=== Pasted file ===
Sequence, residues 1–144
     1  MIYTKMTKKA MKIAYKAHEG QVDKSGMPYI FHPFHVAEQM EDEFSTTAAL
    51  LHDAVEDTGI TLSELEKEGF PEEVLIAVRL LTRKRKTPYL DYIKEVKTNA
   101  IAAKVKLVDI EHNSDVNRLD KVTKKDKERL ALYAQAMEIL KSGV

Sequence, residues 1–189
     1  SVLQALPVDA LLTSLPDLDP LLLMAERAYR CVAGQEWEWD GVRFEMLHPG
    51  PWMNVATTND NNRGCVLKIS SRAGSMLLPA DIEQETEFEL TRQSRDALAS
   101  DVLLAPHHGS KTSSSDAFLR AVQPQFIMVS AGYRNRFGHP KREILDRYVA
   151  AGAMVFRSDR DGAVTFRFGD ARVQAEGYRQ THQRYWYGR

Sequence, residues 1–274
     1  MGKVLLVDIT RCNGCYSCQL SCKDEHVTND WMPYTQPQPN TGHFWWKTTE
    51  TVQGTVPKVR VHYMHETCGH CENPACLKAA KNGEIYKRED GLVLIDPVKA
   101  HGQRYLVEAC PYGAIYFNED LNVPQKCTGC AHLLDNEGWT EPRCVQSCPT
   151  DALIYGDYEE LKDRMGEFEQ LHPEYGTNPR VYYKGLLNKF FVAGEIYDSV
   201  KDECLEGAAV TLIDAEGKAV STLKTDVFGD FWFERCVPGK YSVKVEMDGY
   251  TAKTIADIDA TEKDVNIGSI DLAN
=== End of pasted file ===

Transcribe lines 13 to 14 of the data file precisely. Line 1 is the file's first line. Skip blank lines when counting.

   101  HGQRYLVEAC PYGAIYFNED LNVPQKCTGC AHLLDNEGWT EPRCVQSCPT
   151  DALIYGDYEE LKDRMGEFEQ LHPEYGTNPR VYYKGLLNKF FVAGEIYDSV